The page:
25 Easy, Breezy Robes for Wafting Around the House in

Of all the WFH clothes we’ve acquired, only a robe can make you feel fancy and relaxed at the same time. We’d even argue that the best robes for women—much like sweatpants and leggings— have become a form of self-expression and experimentation during the pandemic. On days when you’re feeling yourself, slip into something silky and printed; if you’d rather keep things simple while lounging, opt for a soft cotton number. 

A robe is the ultimate at-home layering piece, whether you’re stepping out of the shower or preparing coffee in the morning, and it can be worn any time of year. There are virtually endless options to choose from, especially now that every other brand seems to be offering styles in various lengths, fabrics, and prints—from cozy bouclé knits to perfectly draped renditions in silk and Pima cotton. 

We’re partial to statement-making colors (hi, Lunya), but no matter your taste or budget, we lined up 25 comfy, chic, and practical options to envelop yourself in. Shop the best robes for women below. 

All products featured on Glamour are independently selected by our editors. However, when you buy something through our retail links, we may earn an affiliate commission.

The WFH Wardrobe Essentials Your Closet Is Missing

Back in May, we asked Glamour staffers about the best work-from-home clothes they’re almost always wearing, and the general consensus was nap dresses, cozy socks, and bike shorts were on heavy rotation. The pandemic raged on and here we are, eight months and seasons later, still couch-bound and dressed in clothes that make us feel polished enough for a Zoom meeting but ready for a Bridgerton binge the second we tackle our to-do lists.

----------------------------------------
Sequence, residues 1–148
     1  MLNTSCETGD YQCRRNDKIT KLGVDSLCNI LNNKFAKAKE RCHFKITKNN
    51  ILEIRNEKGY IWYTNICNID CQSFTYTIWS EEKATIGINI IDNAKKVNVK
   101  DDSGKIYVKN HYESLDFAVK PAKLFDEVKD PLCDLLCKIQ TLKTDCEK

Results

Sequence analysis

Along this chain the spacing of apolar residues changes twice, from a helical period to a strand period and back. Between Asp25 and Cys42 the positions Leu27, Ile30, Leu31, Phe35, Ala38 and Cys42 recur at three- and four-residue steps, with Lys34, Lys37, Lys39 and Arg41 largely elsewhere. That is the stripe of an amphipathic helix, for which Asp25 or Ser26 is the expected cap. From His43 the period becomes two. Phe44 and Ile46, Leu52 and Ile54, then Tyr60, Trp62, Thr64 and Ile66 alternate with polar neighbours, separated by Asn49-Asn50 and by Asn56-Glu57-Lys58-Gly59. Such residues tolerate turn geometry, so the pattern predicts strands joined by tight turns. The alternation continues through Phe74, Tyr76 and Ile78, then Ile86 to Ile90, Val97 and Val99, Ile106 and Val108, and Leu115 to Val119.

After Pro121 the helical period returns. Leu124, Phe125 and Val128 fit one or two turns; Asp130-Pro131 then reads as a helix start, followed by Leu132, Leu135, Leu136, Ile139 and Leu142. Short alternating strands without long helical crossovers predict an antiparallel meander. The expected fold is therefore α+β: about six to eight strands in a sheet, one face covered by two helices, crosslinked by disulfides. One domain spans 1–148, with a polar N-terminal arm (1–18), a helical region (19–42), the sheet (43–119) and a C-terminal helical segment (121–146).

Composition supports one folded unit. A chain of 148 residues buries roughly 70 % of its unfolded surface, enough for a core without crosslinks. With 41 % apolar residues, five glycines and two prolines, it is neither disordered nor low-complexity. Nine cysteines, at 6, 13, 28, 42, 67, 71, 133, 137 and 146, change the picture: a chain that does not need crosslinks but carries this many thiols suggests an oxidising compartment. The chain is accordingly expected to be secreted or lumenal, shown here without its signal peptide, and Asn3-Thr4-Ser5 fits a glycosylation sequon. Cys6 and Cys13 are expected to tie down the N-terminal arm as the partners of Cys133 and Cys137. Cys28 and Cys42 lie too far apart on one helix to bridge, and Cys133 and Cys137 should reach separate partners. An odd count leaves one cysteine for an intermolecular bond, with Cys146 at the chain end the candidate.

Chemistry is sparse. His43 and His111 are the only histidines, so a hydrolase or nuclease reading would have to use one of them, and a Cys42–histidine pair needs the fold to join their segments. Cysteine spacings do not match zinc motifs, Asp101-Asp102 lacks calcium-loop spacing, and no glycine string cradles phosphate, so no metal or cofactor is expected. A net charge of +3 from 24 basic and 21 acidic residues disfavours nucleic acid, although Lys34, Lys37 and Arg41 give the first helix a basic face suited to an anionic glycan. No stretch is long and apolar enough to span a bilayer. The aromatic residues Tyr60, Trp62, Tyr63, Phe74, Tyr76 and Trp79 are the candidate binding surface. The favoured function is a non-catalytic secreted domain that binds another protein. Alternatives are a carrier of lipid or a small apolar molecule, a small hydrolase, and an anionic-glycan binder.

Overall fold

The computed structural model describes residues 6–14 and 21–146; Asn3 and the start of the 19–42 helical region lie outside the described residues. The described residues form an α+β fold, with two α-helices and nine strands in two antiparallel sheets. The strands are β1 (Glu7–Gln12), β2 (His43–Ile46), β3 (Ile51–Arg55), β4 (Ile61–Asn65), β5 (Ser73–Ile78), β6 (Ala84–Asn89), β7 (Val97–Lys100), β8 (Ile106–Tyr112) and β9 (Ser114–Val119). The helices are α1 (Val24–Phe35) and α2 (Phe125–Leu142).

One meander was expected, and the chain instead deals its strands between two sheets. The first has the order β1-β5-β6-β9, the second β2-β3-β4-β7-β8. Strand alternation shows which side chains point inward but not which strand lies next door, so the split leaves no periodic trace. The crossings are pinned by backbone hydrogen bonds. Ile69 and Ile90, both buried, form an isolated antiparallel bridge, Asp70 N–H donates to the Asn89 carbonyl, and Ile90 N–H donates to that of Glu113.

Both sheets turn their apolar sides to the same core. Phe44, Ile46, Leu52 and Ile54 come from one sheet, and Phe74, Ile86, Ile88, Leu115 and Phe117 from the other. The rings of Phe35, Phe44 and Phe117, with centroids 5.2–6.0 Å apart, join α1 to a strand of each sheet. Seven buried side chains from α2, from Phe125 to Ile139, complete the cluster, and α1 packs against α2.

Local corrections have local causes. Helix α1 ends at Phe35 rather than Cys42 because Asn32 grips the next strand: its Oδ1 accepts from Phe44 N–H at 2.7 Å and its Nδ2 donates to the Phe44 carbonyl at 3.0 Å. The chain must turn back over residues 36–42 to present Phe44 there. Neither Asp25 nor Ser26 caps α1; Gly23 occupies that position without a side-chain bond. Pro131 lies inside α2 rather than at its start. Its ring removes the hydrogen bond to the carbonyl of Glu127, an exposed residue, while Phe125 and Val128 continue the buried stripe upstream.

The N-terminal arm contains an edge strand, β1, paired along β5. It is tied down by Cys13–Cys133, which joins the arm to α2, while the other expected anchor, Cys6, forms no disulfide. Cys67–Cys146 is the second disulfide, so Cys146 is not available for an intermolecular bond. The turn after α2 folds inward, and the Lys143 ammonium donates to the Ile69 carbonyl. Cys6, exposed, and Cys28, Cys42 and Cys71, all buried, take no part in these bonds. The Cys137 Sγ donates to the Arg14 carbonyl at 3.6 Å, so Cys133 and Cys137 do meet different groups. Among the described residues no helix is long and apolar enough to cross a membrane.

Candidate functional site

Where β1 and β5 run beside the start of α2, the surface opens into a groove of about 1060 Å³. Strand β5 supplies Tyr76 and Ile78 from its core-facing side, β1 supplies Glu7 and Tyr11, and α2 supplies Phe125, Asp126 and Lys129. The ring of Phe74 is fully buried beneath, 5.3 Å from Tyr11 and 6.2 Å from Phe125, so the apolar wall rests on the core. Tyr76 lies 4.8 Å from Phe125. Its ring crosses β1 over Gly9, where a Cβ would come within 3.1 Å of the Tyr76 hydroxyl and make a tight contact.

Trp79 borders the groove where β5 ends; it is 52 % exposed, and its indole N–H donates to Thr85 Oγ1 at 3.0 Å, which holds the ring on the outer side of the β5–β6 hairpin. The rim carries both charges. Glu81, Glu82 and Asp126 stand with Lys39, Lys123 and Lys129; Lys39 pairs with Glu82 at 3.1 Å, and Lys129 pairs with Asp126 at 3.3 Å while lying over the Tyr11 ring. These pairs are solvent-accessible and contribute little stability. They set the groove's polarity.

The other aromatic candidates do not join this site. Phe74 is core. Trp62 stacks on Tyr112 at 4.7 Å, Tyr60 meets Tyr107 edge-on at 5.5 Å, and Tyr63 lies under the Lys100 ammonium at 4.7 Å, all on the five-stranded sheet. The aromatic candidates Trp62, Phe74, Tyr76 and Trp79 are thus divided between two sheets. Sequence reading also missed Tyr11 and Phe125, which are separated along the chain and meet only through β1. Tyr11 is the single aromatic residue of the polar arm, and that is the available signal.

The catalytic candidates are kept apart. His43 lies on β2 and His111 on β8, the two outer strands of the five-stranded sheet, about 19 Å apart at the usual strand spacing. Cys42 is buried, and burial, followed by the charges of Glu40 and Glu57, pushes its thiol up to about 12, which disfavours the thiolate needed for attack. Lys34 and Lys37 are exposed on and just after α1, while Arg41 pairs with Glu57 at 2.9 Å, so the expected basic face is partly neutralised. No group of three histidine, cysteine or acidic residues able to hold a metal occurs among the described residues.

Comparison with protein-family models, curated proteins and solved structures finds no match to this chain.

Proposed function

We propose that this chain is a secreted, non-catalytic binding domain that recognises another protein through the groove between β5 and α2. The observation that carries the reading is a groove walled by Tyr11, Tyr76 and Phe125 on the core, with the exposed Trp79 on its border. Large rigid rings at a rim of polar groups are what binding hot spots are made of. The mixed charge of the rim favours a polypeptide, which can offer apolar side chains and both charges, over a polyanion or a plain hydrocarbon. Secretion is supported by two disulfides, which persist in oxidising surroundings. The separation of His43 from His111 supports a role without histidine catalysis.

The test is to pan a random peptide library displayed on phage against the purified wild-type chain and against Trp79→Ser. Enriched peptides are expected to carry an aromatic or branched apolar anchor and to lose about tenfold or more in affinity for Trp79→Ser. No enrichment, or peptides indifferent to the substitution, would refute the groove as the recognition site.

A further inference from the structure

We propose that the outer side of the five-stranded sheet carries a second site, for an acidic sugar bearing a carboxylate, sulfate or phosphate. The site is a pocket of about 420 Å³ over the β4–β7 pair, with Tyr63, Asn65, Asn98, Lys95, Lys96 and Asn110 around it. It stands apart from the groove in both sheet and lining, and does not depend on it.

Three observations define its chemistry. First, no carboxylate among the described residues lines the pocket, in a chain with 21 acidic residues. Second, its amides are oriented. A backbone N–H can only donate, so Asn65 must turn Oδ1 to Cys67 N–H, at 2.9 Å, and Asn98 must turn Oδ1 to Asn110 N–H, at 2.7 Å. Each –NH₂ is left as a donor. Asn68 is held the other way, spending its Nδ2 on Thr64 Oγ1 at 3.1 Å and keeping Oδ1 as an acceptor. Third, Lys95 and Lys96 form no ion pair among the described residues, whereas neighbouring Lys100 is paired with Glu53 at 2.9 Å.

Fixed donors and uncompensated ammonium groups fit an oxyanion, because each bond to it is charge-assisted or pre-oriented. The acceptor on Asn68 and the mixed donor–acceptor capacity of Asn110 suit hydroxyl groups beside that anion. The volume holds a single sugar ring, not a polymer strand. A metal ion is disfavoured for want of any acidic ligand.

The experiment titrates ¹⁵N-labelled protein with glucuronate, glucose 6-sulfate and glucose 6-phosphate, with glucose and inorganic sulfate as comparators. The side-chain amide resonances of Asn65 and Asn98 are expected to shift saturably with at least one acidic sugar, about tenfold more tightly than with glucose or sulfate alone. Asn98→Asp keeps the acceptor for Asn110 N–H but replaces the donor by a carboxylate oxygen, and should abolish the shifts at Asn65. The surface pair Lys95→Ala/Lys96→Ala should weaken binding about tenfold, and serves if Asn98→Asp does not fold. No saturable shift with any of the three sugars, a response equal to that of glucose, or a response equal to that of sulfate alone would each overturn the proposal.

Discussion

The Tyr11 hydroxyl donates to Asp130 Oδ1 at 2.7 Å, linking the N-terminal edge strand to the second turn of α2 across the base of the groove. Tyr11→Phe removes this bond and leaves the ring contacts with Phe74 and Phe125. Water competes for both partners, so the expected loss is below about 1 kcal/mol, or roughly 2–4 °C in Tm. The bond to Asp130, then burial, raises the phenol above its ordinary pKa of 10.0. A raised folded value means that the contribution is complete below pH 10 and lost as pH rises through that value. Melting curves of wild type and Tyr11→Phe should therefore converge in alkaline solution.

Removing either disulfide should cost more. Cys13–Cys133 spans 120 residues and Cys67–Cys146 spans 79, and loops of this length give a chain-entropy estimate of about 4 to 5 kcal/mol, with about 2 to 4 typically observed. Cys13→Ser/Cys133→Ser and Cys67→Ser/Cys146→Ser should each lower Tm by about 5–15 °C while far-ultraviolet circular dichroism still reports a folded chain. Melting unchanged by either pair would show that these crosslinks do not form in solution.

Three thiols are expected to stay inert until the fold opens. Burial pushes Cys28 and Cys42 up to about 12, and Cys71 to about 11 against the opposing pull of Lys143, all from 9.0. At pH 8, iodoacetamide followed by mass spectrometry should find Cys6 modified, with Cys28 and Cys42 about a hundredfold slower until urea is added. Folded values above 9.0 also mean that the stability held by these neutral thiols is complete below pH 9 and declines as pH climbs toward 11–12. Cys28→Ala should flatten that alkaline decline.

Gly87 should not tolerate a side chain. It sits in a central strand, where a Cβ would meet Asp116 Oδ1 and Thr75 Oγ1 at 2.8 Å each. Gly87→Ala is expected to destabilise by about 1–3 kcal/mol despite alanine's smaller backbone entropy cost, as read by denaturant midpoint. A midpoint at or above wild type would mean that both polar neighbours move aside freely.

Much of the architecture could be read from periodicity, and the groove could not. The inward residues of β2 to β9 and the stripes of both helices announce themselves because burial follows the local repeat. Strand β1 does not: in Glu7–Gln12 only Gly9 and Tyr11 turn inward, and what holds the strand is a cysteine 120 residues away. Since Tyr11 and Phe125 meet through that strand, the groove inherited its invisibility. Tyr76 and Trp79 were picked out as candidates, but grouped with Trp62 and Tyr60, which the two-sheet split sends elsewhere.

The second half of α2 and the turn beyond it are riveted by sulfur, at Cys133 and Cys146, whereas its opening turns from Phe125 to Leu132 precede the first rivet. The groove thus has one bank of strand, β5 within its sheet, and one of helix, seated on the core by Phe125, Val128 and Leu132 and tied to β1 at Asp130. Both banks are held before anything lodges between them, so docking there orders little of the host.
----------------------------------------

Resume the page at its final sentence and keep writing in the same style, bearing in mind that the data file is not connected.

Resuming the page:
With “professional” wardrobes having dwindled down to a handful of decided closet staples, we’re playing favorites with pieces that count towards actually “getting dressed” without being the least bit constrictive. That means leggings that feel like a second skin, boots that feel like slippers, and accent jewelry to make our looks pop from the shoulder-up.

As tempting as it is to stay swaddled in a robe from your morning coffee all the way to wine o’clock, putting an outfit together is good for mental health, and fashion brands have leaned heavily into loungewear to meet homebound consumers where they’re at. Stretchy bottoms, plush sweatshirts, and fuzzy slippers are at the top of the shopping list—along with mood-boosting items that bring lightheartedness to a period in time that’s felt anything but breezy.

If you’re looking for the best work-from-home clothes you’ll want to keep on rotation for the remainder of your time in quarantine, start by shopping Glamour staffers’ must-have picks below—from fuzzy cardigans to bottoms that feel like pajamas but look like real-life “pants.” Oh, and socks. Lots of socks.

All products featured on Glamour are independently selected by our editors. However, when you buy something through our retail links, we may earn an affiliate commission.

Please Enjoy Kamala Harris and Michelle Obama’s Iconic Inauguration Fist Bump

We just witnessed the swearing-in of Kamala Harris, the first woman to hold the office of Vice President of the United States—as well as the first Black and Asian-American to step into the role. Perhaps no one understands the significance of this moment quite like Barack and Michelle Obama, America’s first Black President and First Lady. 

That’s probably why so many viewers watching the Inauguration of Joe Biden zeroed in on this iconic moment between Harris and the Obamas: 

Harris, wearing a purple dress and coat by Black American designer Christopher John-Roger, greeted Michelle Obama with a double fist-bump and a look in her eyes that resonated with many women online. The former first lady wore purple as well, matching a burgundy turtleneck with trousers and an overcoat, all by Sergio Hudson.

“This ain’t just a fist bump.” one user wrote on Twitter. “This is a ‘biiiiitch” moment and black women & little black girls FELT this one, honey.”

Of course, Harris and the former president shared a fist bump of their own. “The FIRST Black president and FIRST Black Vice President sharing a fist bump. Yep, I’m framing this,” another user tweeted.